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Are we really headed toward the freelance economy?

One of the most characteristic features of the recent supply and demand platforms like Uber, TaskRabbit or Instacart is the growing use of freelancers.

A freelance economy, known in the United States as a 1099 economy, due to the tax form freelancers fill in, is redefining labor relations and questioning long-established ways of doing things, such as the need to protect workers from abuses, to make sure that they work within reasonable limits and conditions, and that they receive their due social benefits such as paid holiday, social security, unemployment benefit and a pension.

On the one hand, most freelancers say that they love these type of arrangement because they provide them with a flexible solution: they can work whenever they want without any type of restrictions, combining their activities with other ways to make money if they choose. For the platforms, the benefits are obvious: when there is excess demand they can cut labor costs by up to 30 percent (in the United States, and in Europe, even more), while maintaining service quality through peer-reviews that keep freelancers under constant pressure to perform. For governments, it is easier to keep tabs on this kind of employment than on other, informal areas of the economy: they can demand that platforms provide them with all payment information

That said, the development of this new freelance economy has its downsides: Uber, for example, has already lost a couple of court cases brought by drivers who said that they were to all intents and purposes employees of the company, albeit on a short-term contract, and that they should be eligible to unemployment benefit. The case of Darrin McGillis, who the State of Florida ruled was an employee of Uber after he bought a vehicle to work for the company, which was subsequently damaged in an accident, the repair costs of which Uber refused to cover. This is perhaps an isolated case, and its not clear if other courts would grant other Uber drivers similar status, but it has prompted other companies, like Instacart to began registering many of the people who deliver its groceries as employees.

In general, Europeam courts are more likely to recognize an employee-employer relationship that those in the United States. But factors such as having to wear a uniform, or having to follow certain, specific procedures, or receive training can all be easily proven. In fact, some companies have begun outsourcing training courses for employees who fall below the standards required of them. For many of these platforms, the additional costs involved in maintaining a traditional labor relation would mean losing their competitive advantage, along with many workers who prefer to work as freelancers.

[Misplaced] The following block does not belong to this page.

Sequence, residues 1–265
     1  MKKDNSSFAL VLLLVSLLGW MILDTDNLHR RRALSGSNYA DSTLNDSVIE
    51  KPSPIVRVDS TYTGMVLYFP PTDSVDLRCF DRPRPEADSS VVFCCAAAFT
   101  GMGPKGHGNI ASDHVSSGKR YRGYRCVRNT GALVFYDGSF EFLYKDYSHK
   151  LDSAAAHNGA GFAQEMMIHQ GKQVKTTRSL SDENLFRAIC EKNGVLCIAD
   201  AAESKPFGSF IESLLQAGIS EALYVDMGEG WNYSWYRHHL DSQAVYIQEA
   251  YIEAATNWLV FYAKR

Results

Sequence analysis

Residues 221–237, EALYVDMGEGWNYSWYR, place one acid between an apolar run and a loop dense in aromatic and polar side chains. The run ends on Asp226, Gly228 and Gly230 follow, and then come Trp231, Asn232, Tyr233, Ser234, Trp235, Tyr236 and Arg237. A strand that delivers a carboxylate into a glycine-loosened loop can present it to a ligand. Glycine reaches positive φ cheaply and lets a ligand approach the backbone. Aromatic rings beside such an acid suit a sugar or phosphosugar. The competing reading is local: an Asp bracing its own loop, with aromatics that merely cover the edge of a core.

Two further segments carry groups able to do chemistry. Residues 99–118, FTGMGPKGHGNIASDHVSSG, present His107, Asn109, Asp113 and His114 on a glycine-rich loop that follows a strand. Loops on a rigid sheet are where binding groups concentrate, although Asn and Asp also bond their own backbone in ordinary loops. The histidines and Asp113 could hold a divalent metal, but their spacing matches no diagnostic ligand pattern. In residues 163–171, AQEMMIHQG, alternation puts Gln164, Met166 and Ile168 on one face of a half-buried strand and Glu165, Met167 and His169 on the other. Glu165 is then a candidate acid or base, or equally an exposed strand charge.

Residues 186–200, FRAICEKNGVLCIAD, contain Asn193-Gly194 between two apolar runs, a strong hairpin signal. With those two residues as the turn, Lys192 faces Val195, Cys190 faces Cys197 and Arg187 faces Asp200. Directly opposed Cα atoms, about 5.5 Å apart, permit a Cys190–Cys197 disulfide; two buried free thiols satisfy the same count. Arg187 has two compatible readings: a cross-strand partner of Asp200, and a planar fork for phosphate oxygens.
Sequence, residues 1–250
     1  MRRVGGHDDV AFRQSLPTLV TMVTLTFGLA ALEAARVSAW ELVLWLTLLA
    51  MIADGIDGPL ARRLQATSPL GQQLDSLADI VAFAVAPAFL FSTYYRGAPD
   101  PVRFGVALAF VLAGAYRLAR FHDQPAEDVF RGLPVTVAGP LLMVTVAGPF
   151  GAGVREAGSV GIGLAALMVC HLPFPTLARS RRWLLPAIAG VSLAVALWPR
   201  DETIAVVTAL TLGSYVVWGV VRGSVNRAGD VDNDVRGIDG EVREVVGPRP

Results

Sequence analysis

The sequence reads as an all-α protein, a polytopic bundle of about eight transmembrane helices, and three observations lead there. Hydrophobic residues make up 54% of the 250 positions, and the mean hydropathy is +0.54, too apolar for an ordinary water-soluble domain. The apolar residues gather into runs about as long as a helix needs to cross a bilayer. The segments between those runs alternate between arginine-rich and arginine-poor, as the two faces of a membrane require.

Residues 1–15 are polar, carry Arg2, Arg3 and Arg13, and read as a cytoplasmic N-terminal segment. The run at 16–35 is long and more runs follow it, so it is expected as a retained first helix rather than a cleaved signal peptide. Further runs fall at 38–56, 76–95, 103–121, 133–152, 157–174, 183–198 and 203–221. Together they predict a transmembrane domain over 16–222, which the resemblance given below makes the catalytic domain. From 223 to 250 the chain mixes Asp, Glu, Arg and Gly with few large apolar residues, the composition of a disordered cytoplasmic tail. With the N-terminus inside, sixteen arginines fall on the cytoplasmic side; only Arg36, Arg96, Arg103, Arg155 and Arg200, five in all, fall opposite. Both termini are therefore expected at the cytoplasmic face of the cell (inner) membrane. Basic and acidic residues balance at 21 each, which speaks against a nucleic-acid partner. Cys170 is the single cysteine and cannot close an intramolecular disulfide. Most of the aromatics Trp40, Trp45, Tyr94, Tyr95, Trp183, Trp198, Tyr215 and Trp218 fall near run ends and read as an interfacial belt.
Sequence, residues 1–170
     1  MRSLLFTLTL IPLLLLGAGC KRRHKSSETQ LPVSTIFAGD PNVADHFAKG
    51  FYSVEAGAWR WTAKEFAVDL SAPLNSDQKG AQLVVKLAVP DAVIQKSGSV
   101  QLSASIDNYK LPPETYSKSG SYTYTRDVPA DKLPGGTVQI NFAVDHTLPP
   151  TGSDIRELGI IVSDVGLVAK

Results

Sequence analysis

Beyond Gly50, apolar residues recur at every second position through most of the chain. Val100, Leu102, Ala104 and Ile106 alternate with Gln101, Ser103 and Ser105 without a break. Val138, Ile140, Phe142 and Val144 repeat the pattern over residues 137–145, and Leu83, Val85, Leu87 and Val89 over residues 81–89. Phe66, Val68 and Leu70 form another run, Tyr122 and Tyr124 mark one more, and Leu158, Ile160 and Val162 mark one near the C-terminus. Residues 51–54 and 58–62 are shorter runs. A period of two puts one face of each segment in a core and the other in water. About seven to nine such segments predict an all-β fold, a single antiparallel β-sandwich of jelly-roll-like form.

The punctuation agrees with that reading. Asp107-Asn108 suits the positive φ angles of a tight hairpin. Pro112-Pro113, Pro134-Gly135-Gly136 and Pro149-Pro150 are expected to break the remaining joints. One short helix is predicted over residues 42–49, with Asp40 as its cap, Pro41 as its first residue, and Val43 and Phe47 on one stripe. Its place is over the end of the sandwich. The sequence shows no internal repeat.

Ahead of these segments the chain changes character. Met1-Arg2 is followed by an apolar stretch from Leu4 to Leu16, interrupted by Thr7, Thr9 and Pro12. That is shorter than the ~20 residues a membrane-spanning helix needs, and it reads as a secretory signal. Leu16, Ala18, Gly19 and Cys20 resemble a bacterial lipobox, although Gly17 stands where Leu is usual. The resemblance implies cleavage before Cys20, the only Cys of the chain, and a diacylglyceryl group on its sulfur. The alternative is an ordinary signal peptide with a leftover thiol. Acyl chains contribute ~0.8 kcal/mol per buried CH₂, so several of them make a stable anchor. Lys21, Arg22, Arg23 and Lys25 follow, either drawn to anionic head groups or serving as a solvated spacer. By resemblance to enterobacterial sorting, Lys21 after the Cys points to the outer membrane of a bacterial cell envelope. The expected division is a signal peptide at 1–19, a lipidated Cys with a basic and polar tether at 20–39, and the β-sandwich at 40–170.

But the question goes further than how exactly we define a worker or an employee. What is at stake here is to what point is it recommendable that a company’s image, as well as its contact with those who use its services is based solely on people who don’t actually work for it. Is the suppose upside of flexibility worth dealing with employees who are more like mercenaries, less committed, and whose quality is theoretically unreliable? Or, on the other hand, is it the case that employees, once their position is secured, have less reason to continue performing to the highest standards?

Platforms that provide home cleaning services, packet deliveries, food from restaurants, or laundry, seem increasingly inclined to hire people on permanent contracts, particularly in light of the growing pressure that seems to be being put on companies like Uber. But beyond any desire to protect themselves from lawsuits, they seem to responding to the arguments about the benefits of employing people rather than using freelancers.

Employees or freelancers? For the moment, there are few replies, and everything seems to indicate that this is far from being a solely economic question. What is at stake is much more than the welfare of a few thousands people: we are talking here about something that could end up redefining the idea of the welfare state and the social contract, whereby our government looks after us and we pay our taxes and generally obey the law.


(En español, aquí)